# Electronicaly switching parallel LC circuit components

Let's say I have mentioned circuit and I want to be able enable/disable one of the 1uF capacitors to change the frequency of the LC circuit.

I would like to do this electronically with a micro-controller.

• I know a relay is ideal for this but is bulky and mechanical.
• Another option could be a an "analog switch ic" but they have a relative high internal resistance, and a low max current. The low max current is a problem for a parallel LC circuit because the current can go quite high.

Are there other solutions to do this?

EDIT

• bigger picture: This is just a picture from the interwebs, but what I would like to make is very close to this, the inductor will be a large solenoid for vehicle detection. If the inductance changes (because of the presence of a car) the resonant frequency will change. The comporator will convert this attenuated oscillation in a block wave, the microcontroller can than determine the frequency of the block wave and so detect any changes (traffic).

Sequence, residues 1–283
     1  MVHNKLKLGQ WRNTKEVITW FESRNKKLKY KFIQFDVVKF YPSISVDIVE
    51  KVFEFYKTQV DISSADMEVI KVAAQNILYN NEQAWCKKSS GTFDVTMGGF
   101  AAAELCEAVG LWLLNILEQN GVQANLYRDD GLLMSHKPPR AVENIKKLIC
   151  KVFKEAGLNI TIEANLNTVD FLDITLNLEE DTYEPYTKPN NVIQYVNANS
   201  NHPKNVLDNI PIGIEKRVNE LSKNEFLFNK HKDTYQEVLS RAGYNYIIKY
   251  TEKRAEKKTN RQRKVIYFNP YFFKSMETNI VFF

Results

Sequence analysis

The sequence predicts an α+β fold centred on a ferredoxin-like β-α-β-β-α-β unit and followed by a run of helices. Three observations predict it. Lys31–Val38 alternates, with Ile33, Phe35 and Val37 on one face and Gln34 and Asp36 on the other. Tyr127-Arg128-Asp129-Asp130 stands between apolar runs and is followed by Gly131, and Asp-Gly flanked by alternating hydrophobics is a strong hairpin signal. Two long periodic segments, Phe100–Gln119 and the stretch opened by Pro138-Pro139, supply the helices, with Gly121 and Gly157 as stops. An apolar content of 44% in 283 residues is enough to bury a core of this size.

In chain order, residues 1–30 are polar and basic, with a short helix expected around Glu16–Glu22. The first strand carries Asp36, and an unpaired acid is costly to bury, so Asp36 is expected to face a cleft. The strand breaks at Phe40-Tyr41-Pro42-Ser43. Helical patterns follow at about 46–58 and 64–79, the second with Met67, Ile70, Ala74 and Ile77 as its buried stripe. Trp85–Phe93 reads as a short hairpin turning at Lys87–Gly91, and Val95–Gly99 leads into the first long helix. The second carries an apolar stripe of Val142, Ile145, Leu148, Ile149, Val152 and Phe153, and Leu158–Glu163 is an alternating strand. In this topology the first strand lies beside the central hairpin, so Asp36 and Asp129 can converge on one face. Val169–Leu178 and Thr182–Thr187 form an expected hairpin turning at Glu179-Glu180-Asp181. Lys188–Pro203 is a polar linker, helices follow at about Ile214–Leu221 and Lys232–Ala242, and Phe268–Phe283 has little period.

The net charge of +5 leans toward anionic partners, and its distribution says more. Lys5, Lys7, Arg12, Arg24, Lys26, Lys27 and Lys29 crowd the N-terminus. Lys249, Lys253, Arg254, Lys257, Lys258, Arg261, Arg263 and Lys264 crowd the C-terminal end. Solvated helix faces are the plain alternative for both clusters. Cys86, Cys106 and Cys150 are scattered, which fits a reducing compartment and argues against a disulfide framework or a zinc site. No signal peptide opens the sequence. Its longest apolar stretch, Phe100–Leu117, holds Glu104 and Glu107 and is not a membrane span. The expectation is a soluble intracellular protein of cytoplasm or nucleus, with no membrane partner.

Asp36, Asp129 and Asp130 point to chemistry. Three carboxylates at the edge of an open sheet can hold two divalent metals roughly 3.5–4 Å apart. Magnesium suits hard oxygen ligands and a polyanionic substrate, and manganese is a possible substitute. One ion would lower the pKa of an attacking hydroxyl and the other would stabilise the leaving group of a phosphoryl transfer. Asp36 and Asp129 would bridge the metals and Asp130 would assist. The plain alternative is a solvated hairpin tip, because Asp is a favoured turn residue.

• Hi @dim I added a bigger picture at the bottom of my post, if you know a way how I could measure the inductance-"change" in the digital domain I'm interested. – Bruce Nov 27 '18 at 9:18
• What "Q" do you wish? Large MOSFET drivers may have 1 to 3 ohms resistance. 1uH and 1uF resonate at 160KHz, with Z of 1 ohm. If a 1ohm driver, your Q would be one. 100uH and 0.01uF also resonate at 160KHz, and 1 ohm provides Q=100. – analogsystemsrf Nov 27 '18 at 9:20
• @analogsystemsrf As far as I understand you can't use a mosfet to connect/disconnect another capacitor to GND. I might be wrong. – Bruce Nov 27 '18 at 9:37
• @dim right I'm trying to measure (a change in) inductance and would like to be able to do this at different frequencies. Any other suggestion on how to approach this with a microcontroller? Measuring the L/R time constant might be an option but with 20µH-2000µH this will be a very short time. – Bruce Nov 27 '18 at 9:40
• At about the frequencies you are using, you might find that the oscillation frequency doesn't change that much (rather the losses extracted from the magnetic field will possibly dominate and these might be a better "signal"). – Andy aka Nov 27 '18 at 12:10